What If… Listicles Are Actually an Ancient Form of Writing and Narrative?
James Vincent on One of Humanity’s Oldest Writing Systems
Measurement was a crucial organizing principle in ancient Egypt, but metrology itself does not begin with nilometers. To understand its place in human culture, we have to trace its roots back further, to the invention of writing itself. For without writing, no measures can be recorded. The best evidence suggests that the written word was created independently thousands of years ago by a number of different cultures scattered around the world: in Mesopotamia, Mesoamerica, China, and Egypt. But it’s in Mesopotamia—present-day Iraq—where the practice is thought to have been invented first.
A brief sketch of the origin of writing goes like this: in the beginning there was the Thing, and the Thing needed counting. What the Thing was doesn’t matter much. A flock of sheep, perhaps, or sheaves of barley: profits of the new system of settled agriculture, which had allowed cities with tens of thousands of occupants to appear for the first time in history. The women and men who dwelt in these cities wanted to keep track of their new wealth and decided to use clay tokens for the job.
These tiny objects, the size of game pieces, were shaped as cones, discs, triangles, and cylinders and can be found scattered throughout the archaeological record like errant dice. The earliest date back to 7500 BC, in what would become the Mesopotamian civilization of Sumer, home of the Sumerians. The tokens seem to have been useful, as they multiply in form and number over the centuries. As city life became more varied in Mesopotamia, with inhabitants trading not only raw materials like wool and metal, but also processed goods like oil, beer, and honey, more tokens were created to represent these resources.
Their appearance became more complex, with scratches added to their surface, adding a graphic element to their meaning. Fast forward a few millennia, and, like a shopper burdened with too much pocket change, the Mesopotamians were fed up with their clutter of tokens. To better organize them, they began making clay containers known as bullae to enclose them into groups. These bullae started appearing around 3500 BC, as bumpy spheres the size of tennis balls, filled with clay tokens and sealed like a baby’s rattle. One bulla could then be used to track multiple items.
This technology had its advantages and disadvantages. If you are, for example, a Sumerian priest recording tributes from farmers, you’d be happy that your clay spheres couldn’t be tampered with, but annoyed that you couldn’t check their contents without breaking them. So, one day, while making your latest bulla, before you put the tokens inside, you press them firmly on to the clay’s wet exterior as a reminder of the contents.
It was the work of a moment but a crucial step, says archaeologist Denise Schmandt-Besserat, who first recognized the importance of these clay tokens as the precursors of modern writing. It was here, she says, that “three-dimensional tokens were reduced to two-dimensional markings” constituting “the first signs of writing.” And it was a profound cognitive leap. “It is the beginning of a new communication system, and certainly had to have reflected something enormous in the brain,” she says. “It was liberating.”
Over the centuries, this system evolved. First, instead of impressing tokens on to clay, scribes began tracing their outlines, creating pictographs, or pictures of words. Second, realizing that all the information they wanted was now stored on the exterior of the bullae and their contents were redundant, the scribes squashed these clay balls into thick tablets, removing the need for tokens altogether. Third, they began using different signs to signify the item being counted and its quantity. Instead of tracing a pictograph of a jar of oil to represent each jar of oil, they began using separate symbols for “what the thing is” and “how much of it there is.” With this change, you have not only the beginning of formal number systems and writing, but also the beginning of measurement.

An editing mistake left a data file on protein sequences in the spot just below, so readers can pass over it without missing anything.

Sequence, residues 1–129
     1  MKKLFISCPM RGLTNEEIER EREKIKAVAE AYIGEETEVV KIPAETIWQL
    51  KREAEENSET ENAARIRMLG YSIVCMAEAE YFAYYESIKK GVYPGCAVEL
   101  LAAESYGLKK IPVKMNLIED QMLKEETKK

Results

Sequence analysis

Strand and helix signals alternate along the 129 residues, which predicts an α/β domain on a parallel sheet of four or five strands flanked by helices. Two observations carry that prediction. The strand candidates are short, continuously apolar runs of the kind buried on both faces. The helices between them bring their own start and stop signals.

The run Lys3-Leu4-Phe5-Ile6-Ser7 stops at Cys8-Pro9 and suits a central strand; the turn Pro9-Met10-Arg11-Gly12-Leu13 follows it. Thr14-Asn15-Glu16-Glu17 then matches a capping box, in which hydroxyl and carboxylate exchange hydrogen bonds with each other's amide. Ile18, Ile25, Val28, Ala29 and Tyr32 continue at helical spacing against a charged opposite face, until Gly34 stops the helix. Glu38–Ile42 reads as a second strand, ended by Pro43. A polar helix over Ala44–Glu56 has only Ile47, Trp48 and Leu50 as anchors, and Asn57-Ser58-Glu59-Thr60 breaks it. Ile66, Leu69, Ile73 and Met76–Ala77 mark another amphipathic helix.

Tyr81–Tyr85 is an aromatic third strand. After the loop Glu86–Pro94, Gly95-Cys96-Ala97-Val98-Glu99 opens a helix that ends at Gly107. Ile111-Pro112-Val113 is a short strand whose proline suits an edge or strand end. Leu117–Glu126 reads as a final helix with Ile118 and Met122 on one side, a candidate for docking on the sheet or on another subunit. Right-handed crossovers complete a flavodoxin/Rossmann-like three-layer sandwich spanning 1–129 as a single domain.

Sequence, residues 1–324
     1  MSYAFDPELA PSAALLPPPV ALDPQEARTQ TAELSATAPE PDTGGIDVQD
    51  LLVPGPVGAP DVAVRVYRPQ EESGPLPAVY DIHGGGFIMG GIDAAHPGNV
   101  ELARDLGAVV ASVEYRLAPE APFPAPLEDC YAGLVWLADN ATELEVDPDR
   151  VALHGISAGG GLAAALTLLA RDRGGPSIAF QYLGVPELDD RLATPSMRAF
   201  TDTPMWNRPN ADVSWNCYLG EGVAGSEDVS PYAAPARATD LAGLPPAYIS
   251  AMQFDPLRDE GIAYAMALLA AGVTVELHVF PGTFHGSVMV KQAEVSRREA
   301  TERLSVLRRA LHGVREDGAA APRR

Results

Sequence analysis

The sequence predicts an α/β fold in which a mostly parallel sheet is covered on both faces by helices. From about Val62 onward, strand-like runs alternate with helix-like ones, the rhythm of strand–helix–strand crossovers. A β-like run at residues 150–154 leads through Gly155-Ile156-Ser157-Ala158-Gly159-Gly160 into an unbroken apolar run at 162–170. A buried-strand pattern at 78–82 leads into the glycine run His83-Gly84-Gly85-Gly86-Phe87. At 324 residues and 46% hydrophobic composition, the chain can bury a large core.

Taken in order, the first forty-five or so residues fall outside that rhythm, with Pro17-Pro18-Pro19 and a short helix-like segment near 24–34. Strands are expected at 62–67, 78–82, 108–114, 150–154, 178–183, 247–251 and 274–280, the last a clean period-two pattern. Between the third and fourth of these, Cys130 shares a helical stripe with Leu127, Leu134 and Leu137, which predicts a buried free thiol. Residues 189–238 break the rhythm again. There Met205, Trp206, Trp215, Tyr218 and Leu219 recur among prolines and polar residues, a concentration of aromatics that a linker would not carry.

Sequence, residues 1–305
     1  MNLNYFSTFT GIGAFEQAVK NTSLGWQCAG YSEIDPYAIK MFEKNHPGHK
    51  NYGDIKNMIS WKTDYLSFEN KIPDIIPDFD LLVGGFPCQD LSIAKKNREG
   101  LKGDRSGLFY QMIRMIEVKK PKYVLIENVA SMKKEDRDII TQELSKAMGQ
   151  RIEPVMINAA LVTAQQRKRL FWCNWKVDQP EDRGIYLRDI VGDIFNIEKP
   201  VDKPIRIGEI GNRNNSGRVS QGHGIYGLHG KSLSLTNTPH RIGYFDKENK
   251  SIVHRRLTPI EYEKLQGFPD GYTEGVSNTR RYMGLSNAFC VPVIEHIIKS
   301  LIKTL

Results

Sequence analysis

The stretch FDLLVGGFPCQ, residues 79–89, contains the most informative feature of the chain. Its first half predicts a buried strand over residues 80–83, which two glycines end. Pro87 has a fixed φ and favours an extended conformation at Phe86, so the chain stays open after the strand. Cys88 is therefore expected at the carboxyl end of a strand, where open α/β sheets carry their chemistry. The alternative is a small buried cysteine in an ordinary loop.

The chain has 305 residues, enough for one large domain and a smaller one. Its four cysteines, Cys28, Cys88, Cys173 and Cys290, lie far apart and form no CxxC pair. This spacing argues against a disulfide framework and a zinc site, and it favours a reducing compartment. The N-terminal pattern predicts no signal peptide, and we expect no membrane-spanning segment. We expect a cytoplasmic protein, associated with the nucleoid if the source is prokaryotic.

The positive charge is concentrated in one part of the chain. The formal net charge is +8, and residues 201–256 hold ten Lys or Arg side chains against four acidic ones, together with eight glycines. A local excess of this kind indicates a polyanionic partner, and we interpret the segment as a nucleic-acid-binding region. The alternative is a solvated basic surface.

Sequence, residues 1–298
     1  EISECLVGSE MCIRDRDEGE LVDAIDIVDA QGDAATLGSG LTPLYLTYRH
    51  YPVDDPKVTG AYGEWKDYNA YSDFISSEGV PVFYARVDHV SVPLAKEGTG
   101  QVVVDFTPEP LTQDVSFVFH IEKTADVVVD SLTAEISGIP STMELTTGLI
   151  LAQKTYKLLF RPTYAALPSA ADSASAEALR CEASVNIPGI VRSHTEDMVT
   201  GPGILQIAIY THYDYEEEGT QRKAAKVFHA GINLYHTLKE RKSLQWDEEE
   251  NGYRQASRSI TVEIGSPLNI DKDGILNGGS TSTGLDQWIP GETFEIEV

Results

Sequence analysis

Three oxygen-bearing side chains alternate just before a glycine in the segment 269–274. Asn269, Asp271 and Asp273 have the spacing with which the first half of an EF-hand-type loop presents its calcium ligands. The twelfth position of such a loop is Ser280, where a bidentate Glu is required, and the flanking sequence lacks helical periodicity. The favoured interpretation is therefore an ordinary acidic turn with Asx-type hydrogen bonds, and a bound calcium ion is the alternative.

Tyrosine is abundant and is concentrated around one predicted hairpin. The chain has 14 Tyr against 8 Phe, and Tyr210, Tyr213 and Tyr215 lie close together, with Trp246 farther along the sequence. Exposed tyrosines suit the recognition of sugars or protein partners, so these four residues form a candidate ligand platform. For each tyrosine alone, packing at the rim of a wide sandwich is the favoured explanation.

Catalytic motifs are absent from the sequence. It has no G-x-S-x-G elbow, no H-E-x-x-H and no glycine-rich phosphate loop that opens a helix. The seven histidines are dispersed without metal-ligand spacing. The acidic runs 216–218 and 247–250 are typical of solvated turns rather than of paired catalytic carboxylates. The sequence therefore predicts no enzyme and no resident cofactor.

Throughout the course of the third millennium BC, the pictographs on the bullae would morph into increasingly abstract signs: series of wedges pressed into clay using cut reeds that represented syllables and consonants, not just objects. This is the script we know as cuneiform, meaning “wedge-shaped,” which was used by all the major Mesopotamian civilizations, including the Sumerians and their successors, the Babylonians and Assyrians.
By 2500 BC, this writing system had become “sufficiently plastic and flexible to express without difficulty the most complicated historical and literary compositions,” but from this very early period we’ve recovered only a handful of literary texts. Instead, the overwhelming majority of unearthed writing tablets—some tens of thousands—are administrative in purpose.
These were composed by a class of professional scribes, who were “the cohesive force that helped preserve and enrich” ancient Mesopotamia, fulfilling duties including “temple functionary, court secretary, royal counselor, civil bureaucrat, [and] commercial correspondent.” The library they created is one of receipts, contracts, shopping lists, tax returns, deeds of sale, inventories, wage slips, and wills. Over time, narrative writing like royal announcements and records of wars were added to the mix, but even these retain something of the catalogue format, listing provinces conquered, offspring born, and temples consecrated and desecrated.
There’s some debate over whether this invention of writing enabled the first states to emerge, giving their rulers the ability to oversee and allocate resources, or whether it was the demands of the early states that in turn led to the invention of writing. Either way, the scribal arts offered dramatic new ways to process knowledge, allowing for not only superior organization, but also superior thinking. Some scholars argue that the splitting of noun and number on clay tablets didn’t just allow kings to better track their taxes but was tantamount to a cognitive revolution: a leap forward that allowed humans to abstract and categorize the world around them like never before.
Lists may not seem like cognitive dynamite, but their proliferation appears to have helped develop new modes of thought in early societies, encouraging us to think analytically about the world. “The list relies on discontinuity rather than continuity,” writes anthropologist Jack Goody. “[I]t encourages the ordering of the items, by number, by initial sound, by category, etc. And the existence of boundaries, external and internal, brings greater visibility to categories, at the same time as making them more abstract.”